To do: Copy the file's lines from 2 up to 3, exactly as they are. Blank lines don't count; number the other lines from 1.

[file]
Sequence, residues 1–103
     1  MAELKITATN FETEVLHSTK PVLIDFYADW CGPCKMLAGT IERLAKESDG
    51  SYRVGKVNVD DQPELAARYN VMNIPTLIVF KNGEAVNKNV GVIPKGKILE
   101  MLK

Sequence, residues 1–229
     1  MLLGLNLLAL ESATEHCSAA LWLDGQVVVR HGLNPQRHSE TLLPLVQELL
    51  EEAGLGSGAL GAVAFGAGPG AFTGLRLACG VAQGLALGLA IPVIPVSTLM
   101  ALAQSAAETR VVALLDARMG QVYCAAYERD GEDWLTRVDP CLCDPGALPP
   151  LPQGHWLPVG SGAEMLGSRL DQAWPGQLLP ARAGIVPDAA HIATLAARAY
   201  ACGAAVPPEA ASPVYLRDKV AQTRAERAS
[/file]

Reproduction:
     1  MAELKITATN FETEVLHSTK PVLIDFYADW CGPCKMLAGT IERLAKESDG
    51  SYRVGKVNVD DQPELAARYN VMNIPTLIVF KNGEAVNKNV GVIPKGKILE